• the flowers are attached to branches rather than to the main axis of the inflorescence
    • there are no branch points between the base of the inflorescence axis and the flowers, or they are not obvious
    Inflorescence crowding
    the panicle is somewhat to very congested (crowded), and the branches may not be clearly seen without close inspection
    Inflorescence length
    30–150 mm
    Inflorescence length to width ratio
    2–6
    Inflorescence type (general)
    the inflorescence is a spike, or is spike-like, lacking obvious branches
    Inflorescence type (specific)
    the inflorescence is branched, and the branches do NOT both grow from the same side of the plant AND look like spikes
    Inflorescence width
    15–25 mm
    Inforescence position
    the spikelets are mainly carried at the end of the stem
    Lemma awn base
    NA
    Lemma awn coiled
    NA
    Lemma awn length
    0 mm
    Lemma awn number
    the lemma has no awn
    Lemma awn orientation
    NA
    Lemma cross-section
    the lemma is flat or rounded if you cut across the midpoint
    Lemma hairs
    the lemma is hairless between the veins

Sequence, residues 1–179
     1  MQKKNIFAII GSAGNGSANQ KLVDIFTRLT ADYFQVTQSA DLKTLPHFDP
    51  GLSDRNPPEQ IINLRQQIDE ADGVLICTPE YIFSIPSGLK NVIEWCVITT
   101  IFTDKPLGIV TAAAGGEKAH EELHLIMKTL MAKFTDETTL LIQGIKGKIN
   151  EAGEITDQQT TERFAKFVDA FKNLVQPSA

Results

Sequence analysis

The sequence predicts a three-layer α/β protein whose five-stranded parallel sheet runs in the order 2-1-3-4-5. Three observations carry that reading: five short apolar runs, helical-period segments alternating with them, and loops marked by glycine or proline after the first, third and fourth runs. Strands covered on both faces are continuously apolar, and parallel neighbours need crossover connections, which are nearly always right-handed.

Lemma surface
    the surface of the lemma has wrinkles that are oriented across the lemma
    Lemma tip
    the lemma tip is a simple point, with or without an awn (long narrow extension ending in a point)
    Lemma vein number
    • 1
    • 3
    • 5
    Lower glume length
    1.4–1.6 mm
    Lower glume relative length
    the lower glume is one third to three quarters as long as the upper glume
    One or more florets
    • there is more than one floret per spikelet
    • there is one floret per spikelet
    Palea length
    2.8–3 mm
    Palea relative length
    palea is one half to fully as long as lemma
    Reproductive system
    some flowers on the plant have both carpels and stamens, while other flowers have only one type of reproductive organ (polygamous)
    Spikelet axis tip
    there is an extension of the spikelet axis beyond the tip of the spikelet
    Spikelet disintegration
    the spikelet breaks off below the glumes
    Spikelet length
    3–3.5 mm
    Spikelet number per node
    0
    Spikelet pedicel
    the spikelets have pedicels
    Spikelets spiny
    the spikelets do not appear spiny
    Tip of glume
    the tip of the glume is not divided (though it may have an awn on it)
    Upper glume length
    1.4–1.8 mm
    Upper glume relative length
    the upper glume is more than one half as long as the lowest lemma